In his 18 years as an optometrist, Dr. Nate Bonilla-Warford, a Tampa Bay eye doctor who specializes in treating kids has seen it all — pink eye, sports injuries, even foreign critters that have somehow made their way into a child’s eyes. (Yikes!) But in the last few years, Dr. Bonilla-Warford, OD, of Bright Eyes, has seen something truly frightening in kids — and it’s on the rise. It is a condition known as myopia, sometimes called ‘nearsightedness.’ What you might not realize is that myopia is a chronic and progressive disease that poses the biggest eye health threat of the 21st century.
“Myopia is a growing problem for children,” said Dr. Bonilla-Warford. “The COVID-19 pandemic has further increased the rates of myopia progression due to a decrease in time spent outside and an increase in near work with online gadgets, and it’s important for parents to take their children to an optometrist every year for a comprehensive eye exam to protect their eye health.”
Myopia in childhood occurs either because of excessive eye elongation caused by genetics, too much near work and not enough outdoor time. According to the Cleveland Clinic, if your child spends too much time doing “near” activities, such as reading, using smartphones and/or computers, it may increase the risk of developing myopia. Other risk factors may include diet, physical activity and even light exposure. That means all those days being indoors playing video games and not playing outside could be having a larger impact on children’s eyes even more than parents may realize.
“There is no cure for myopia, but there are steps you can take to protect your kid’s eye health. According to a recent study, a child can reduce their chances of being myopic just by spending more than 76 minutes a day outside,” said Dr. Bonilla-Warford. “I encourage all parents to help their children take measures to cut down on screen time and spend more time enjoying the outdoors.”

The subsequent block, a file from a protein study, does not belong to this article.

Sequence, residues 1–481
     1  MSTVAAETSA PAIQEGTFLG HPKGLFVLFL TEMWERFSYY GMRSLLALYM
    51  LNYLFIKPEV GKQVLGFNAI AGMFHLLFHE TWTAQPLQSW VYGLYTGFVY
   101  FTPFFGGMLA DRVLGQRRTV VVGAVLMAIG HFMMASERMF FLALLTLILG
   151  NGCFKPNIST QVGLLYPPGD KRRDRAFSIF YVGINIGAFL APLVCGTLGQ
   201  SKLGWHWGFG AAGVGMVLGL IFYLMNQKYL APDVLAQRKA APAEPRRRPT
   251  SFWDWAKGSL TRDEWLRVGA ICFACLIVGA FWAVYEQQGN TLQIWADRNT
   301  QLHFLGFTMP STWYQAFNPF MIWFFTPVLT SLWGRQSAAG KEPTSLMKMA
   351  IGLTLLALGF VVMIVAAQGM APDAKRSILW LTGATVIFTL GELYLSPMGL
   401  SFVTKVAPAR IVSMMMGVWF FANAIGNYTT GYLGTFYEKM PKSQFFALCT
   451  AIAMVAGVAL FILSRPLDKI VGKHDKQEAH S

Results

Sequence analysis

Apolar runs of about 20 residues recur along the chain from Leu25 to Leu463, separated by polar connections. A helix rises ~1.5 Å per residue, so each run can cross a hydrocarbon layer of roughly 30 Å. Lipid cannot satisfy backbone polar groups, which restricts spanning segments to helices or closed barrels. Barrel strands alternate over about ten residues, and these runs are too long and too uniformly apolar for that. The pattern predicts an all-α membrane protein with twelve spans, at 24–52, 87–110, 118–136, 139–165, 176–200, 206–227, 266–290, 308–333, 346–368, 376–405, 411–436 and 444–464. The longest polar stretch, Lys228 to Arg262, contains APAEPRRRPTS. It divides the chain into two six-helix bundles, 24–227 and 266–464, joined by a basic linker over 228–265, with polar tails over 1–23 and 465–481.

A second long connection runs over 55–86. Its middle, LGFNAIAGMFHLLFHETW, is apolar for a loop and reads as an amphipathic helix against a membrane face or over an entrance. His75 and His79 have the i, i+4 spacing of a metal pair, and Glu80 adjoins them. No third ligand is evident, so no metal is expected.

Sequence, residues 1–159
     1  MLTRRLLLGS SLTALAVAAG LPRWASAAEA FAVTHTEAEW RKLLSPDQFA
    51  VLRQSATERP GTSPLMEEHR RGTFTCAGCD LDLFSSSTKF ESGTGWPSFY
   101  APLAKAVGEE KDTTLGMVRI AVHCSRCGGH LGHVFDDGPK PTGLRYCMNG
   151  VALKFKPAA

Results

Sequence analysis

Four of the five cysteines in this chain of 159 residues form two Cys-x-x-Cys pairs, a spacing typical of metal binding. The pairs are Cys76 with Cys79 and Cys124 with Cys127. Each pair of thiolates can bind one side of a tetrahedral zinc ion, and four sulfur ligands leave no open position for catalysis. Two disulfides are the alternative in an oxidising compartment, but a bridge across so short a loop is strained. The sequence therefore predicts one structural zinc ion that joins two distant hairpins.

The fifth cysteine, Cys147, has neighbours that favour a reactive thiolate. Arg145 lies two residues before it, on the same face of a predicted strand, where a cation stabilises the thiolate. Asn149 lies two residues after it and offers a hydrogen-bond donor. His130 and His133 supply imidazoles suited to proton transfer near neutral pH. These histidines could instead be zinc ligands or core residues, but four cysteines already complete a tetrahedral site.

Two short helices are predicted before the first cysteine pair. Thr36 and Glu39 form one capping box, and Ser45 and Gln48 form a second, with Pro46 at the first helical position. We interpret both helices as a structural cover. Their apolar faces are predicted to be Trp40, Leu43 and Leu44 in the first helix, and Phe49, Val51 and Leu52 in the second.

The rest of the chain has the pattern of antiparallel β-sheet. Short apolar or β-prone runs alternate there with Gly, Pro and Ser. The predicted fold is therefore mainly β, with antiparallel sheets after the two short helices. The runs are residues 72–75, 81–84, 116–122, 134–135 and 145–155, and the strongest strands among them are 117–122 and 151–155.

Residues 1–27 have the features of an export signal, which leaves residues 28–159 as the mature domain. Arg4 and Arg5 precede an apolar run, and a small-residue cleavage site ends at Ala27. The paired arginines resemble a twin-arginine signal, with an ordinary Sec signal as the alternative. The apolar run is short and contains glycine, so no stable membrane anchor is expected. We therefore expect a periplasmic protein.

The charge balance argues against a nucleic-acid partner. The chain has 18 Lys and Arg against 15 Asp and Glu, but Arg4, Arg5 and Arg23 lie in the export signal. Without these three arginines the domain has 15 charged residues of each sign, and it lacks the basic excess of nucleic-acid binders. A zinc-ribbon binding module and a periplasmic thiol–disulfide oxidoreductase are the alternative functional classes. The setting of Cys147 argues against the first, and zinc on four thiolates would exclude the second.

Myopia doesn’t always have clear symptoms which is why it is critical for every child to get an annual eye exam. Still, parents can be on the lookout for symptoms of blurry vision when their child is looking at distant objects, squinting or needing to sit at the front of the classroom to see clearly, or reports of headaches due to eyestrain. Parents should also know there are options available, like the new FDA-approved ortho-k lenses.
Benefits of Myopia Treatment
The new FDA-approved ortho-k lenses called ACUVUE® Abiliti™ Overnight Therapeutic Lenses for Myopia Management are specifically designed and fitted to match a patient’s eye based on its unique corneal shape to temporarily reshape the cornea while they sleep. This gives children and parents an option to correct their vision and resume their daily activities without any issues. The number one thing parents can do to protect their child’s eye health is to get a comprehensive eye exam each year with an optometrist.
Dr. Bonilla-Warford isn’t just an eye doctor, he is also a dad to two teenagers who both take measures to limit their myopia progression and he is hopeful we can reduce myopia rates in Tampa.
“Our industry has made significant strides developing high-quality care and treatment options, like ACUVUE® Abiliti™ Overnight Therapeutic Lenses. We have the resources to treat our children today and prevent future eye health issues when they are older. I tell everyone – get your kid’s eyes checked! Together, Tampa Bay can be at the forefront of healthy eyes by making sure we all do our part to limit the chances of myopia.”
To learn more, visit www.seeyourabiliti.com and find an eye care provider near you!
 Holy C, Kulkarni K, Brennan NA. Predicting Costs and Disability from the Myopia Epidemic – A Worldwide Economic and Social Model. Invest Ophthalmol Vis Sci.2019;60(9):5466-5466.
 Carr BJ, Stell WK. The Science Behind Myopia. 2017 Nov 7. In: Kolb H, Fernandez E, Nelson R, editors. Webvision: The Organization of the Retina and Visual System [Internet]. Salt Lake City (UT): University of Utah Health Sciences Center; 1995-. Available from: https://www.ncbi.nlm.nih.gov/books/NBK470669/.
 JJV Data on File 2021. Menicon Design History File.